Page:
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Addition through Depletion: The Brain Drain as a Catalyst of Human Capital Formation and Economic Betterment

Author

Listed:
  • Stark, Oded

    (University of Bonn)

  • C Simon Fan

Abstract

Enabling educated individuals to work abroad entails a brain drain and results in educated unemployment at home. Because the prospect of migration raises the expected returns to higher education it also facilitates a "brain gain": a eveloping economy ends up with a higher fraction of educated individuals. Due to the positive externality effect of the prevailing, economy-wide endowment of human capital on the formation of human capital, a relaxation of migration policy pursued in both the current period and the preceding period can greatly facilitate the "take-off" of a developing economy in the current period. Thus we identify a new policy tool that could yield an improvement in the well-being of the population of a developing economy: a controlled migration of educated workers.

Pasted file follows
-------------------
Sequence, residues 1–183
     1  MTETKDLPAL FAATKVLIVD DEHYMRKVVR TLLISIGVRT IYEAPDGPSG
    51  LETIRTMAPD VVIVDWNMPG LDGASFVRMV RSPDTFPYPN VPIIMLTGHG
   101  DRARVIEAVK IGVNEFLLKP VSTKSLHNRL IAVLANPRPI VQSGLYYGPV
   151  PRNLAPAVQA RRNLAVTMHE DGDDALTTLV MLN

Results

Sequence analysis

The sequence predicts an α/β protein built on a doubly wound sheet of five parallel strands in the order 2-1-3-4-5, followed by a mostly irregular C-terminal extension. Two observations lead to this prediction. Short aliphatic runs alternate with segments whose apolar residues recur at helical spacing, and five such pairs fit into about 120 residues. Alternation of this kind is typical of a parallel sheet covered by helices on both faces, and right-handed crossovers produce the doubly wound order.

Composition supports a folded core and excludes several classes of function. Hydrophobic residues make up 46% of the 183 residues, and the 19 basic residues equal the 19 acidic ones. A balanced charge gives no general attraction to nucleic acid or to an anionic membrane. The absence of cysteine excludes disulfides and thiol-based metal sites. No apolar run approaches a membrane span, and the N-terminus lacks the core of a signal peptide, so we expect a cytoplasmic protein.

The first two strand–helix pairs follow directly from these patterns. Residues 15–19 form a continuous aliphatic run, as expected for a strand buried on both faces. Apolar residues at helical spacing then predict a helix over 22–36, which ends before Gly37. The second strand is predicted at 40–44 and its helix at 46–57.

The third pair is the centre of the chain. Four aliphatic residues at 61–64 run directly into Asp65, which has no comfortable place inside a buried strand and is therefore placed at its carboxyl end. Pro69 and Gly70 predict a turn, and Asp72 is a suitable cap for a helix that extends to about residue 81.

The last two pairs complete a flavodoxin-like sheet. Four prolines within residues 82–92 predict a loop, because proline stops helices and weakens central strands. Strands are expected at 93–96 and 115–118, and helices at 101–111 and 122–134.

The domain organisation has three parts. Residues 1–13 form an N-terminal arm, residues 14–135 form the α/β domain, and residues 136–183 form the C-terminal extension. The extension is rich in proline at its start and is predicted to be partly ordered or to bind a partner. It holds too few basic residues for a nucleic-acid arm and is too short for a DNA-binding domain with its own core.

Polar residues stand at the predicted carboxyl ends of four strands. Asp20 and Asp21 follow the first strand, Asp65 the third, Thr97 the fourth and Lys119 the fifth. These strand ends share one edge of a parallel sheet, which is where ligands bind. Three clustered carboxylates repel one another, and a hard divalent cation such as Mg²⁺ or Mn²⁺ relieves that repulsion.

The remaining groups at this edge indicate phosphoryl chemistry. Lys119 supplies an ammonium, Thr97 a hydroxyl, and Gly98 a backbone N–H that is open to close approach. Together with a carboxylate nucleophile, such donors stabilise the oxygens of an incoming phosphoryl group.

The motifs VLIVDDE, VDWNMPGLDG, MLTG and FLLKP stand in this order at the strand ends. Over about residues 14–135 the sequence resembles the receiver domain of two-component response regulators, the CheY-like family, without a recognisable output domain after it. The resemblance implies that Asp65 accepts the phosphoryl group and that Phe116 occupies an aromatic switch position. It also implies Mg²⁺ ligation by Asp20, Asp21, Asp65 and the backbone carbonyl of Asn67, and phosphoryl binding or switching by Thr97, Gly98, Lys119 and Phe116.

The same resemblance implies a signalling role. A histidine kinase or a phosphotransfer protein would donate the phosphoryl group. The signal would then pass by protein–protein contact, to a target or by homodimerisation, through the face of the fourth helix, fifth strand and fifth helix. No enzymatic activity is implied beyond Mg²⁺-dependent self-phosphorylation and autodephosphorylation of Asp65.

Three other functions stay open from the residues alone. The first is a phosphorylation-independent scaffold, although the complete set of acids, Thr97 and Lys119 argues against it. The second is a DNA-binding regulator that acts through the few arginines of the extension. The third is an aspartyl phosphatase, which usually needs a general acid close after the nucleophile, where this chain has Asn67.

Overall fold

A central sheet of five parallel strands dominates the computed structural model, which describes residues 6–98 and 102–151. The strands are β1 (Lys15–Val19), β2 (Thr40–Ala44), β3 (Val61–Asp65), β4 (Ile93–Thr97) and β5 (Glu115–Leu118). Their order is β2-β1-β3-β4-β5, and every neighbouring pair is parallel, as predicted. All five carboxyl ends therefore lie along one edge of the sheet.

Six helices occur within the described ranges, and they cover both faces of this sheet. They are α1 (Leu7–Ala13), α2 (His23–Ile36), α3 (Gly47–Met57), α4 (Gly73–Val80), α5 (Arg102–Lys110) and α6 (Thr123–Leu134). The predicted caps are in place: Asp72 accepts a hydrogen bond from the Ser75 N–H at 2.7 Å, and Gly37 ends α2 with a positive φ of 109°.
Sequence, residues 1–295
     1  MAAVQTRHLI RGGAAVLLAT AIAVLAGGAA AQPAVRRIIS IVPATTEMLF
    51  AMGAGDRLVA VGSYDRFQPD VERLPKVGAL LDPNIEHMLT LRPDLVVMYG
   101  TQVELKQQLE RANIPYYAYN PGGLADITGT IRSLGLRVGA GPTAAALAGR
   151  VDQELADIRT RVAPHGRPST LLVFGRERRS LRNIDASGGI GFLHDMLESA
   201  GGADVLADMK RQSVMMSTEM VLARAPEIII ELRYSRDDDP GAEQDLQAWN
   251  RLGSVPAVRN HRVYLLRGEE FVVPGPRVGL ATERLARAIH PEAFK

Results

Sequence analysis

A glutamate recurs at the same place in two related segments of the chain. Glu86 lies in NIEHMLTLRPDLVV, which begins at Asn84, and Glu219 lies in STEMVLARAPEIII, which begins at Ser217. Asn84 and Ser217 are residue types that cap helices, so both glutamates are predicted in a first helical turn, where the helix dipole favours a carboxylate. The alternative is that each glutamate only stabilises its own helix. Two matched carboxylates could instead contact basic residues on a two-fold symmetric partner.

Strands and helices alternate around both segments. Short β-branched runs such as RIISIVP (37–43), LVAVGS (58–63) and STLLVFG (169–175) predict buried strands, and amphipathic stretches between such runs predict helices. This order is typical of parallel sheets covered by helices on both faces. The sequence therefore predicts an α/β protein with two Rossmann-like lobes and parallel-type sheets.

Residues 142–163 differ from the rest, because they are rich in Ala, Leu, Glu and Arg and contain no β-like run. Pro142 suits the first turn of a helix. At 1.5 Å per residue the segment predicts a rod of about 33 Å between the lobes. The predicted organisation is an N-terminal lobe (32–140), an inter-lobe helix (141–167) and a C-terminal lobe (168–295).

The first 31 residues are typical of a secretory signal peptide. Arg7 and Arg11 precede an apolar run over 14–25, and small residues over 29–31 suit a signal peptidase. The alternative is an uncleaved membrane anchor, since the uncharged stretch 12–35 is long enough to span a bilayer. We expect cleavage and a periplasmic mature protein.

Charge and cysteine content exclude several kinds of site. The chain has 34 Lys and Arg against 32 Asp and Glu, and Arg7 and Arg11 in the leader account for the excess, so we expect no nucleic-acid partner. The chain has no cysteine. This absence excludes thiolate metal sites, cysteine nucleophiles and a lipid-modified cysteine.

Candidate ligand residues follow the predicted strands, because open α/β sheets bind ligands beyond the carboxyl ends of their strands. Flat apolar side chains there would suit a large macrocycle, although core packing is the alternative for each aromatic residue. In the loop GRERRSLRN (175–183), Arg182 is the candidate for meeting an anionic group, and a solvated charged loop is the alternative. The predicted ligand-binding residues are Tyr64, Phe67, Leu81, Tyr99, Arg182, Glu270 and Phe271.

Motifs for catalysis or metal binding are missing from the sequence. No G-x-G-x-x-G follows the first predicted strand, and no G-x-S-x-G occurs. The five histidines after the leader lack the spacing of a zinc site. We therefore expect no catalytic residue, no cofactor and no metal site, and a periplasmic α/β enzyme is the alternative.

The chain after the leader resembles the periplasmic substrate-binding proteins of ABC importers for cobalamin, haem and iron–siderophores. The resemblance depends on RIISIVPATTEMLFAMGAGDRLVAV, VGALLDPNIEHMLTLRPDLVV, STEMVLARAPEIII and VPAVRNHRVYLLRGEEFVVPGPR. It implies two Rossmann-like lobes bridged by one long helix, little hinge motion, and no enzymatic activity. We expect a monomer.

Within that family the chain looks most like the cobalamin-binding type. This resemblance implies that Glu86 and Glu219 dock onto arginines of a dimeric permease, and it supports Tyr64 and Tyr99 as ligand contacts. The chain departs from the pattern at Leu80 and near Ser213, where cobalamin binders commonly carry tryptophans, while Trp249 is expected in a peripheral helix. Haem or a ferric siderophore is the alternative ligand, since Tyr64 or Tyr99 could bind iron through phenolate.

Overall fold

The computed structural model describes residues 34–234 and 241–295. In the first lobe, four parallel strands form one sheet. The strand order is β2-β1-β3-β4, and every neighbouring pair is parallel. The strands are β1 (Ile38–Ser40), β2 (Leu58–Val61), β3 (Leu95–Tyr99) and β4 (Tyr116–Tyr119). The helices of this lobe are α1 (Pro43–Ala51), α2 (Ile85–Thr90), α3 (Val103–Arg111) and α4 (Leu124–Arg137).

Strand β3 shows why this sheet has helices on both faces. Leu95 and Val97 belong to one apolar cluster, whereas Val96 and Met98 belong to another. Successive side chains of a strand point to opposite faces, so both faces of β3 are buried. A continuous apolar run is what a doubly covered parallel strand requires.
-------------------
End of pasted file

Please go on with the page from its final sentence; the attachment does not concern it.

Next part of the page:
Suggested Citation

  • Stark, Oded & C Simon Fan, 2003. "Addition through Depletion: The Brain Drain as a Catalyst of Human Capital Formation and Economic Betterment," Royal Economic Society Annual Conference 2003 192, Royal Economic Society.
  • Handle: RePEc:ecj:ac2003:192
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    Cited by:

    1. Schiff, Maurice, 2005. "Brain Gain: Claims about Its Size and Impact on Welfare and Growth Are Greatly Exaggerated," IZA Discussion Papers 1599, Institute for the Study of Labor (IZA).

    More about this item

    Keywords

    Brain drain; human capital formation; externalities; economic growth; social welfare;

    JEL classification:

    • F22 - International Economics - - International Factor Movements and International Business - - - International Migration
    • H23 - Public Economics - - Taxation, Subsidies, and Revenue - - - Externalities; Redistributive Effects; Environmental Taxes and Subsidies
    • I30 - Health, Education, and Welfare - - Welfare, Well-Being, and Poverty - - - General
    • J61 - Labor and Demographic Economics - - Mobility, Unemployment, Vacancies, and Immigrant Workers - - - Geographic Labor Mobility; Immigrant Workers
    • O40 - Economic Development, Innovation, Technological Change, and Growth - - Economic Growth and Aggregate Productivity - - - General

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